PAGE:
|Two interns at NASA are now planning to include soft robots in the agency's future space explorations / Photo by: NASA via Wikimedia Commons|
Even as interns, Chuck Sullivan and Jack Fitzpatrick have visions to bring soft robots into space in the name of space exploration. According to Space.com, the two interns want to bring these robots into space as an alternative to standard probes that have already been sent into space.
The exploration plans to also give these soft robots a chance to fly to the moon, one of NASA’s “next major destination for astronauts”. This might mean we can mount another mission to the moon, but at this point, soft robots will be sent first.
S, why a soft robot, you ask? According to the interns who are currently working at NASA’s Langley Research Center, Hampton, Virginia, the idea of a soft robot in space is to see if its softer exterior will be better equipped with dealing the different environment of space and the moon. Because soft robots are flexible, they have access to a wider range of motion, which can help scientists program it to move slightly better on the surface of the moon.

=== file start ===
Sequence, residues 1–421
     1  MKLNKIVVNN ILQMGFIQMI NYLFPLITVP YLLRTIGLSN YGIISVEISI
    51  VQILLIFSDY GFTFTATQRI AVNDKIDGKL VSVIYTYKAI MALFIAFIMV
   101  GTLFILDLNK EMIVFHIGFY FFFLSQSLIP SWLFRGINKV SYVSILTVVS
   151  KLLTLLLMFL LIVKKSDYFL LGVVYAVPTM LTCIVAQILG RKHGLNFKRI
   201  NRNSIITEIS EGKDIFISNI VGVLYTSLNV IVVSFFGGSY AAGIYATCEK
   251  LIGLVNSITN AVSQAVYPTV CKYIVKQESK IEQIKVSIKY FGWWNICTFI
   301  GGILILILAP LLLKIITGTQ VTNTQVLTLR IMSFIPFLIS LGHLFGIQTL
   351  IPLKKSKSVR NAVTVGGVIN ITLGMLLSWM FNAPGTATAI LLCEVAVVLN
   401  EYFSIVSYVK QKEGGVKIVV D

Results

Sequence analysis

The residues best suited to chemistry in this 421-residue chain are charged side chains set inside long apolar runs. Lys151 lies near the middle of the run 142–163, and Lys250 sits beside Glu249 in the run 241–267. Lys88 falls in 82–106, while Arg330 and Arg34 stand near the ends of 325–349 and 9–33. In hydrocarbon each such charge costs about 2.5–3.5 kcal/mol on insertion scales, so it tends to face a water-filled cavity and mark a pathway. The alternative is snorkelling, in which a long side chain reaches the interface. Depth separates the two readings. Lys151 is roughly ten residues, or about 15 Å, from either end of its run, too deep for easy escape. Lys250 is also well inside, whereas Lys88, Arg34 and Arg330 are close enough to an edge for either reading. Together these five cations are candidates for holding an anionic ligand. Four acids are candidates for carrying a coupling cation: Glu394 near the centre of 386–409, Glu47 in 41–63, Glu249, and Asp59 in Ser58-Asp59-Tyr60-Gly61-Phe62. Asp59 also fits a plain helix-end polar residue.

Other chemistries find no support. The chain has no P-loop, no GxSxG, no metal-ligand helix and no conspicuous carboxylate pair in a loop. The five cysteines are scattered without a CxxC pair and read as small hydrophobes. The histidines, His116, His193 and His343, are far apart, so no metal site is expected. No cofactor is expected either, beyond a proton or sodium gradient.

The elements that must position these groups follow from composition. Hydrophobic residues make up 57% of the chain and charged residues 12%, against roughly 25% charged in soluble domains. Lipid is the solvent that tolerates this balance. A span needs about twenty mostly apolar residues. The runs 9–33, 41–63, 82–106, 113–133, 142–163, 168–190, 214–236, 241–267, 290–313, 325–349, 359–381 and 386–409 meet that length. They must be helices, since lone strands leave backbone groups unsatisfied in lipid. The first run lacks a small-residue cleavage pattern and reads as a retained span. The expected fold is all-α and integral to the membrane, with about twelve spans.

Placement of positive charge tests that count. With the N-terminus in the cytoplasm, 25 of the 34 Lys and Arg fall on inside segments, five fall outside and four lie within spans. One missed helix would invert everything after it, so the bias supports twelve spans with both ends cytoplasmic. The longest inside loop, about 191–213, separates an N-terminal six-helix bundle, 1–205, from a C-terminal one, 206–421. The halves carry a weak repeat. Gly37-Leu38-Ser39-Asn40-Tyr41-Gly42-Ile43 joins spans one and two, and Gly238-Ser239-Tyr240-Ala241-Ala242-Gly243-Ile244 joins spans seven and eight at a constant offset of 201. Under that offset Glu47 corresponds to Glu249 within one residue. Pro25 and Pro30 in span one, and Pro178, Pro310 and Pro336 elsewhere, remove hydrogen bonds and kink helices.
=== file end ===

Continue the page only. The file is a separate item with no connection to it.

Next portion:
"When you actuate the soft robot, it changes how you use the material properties," Fitzpatrick said in a statement. "A piece of rubber going from flat to the shape of a finger, it changes the material into something else."
This does present the challenge of accounting for the different atmosphere of the moon’s surface, though, but that’s pretty much expected.
At this point, the plans are still in their relative infancy, thus, no exact part of the design can be greenlighted for space travel. However, Sullivan and Fitzpatrick are positive that their idea could be beneficial for future space travel, and have thus modeled through 3D printing what the robot might look like.
They used silicone for now, but are open to using other materials in the future.
The inflation system is what the two researchers are working on for now, using air bladders which allow them to “control the movement of the robot.” This can also allow them to adjust the amount of air to allow the robot to “flex and relax, just like a human muscle.”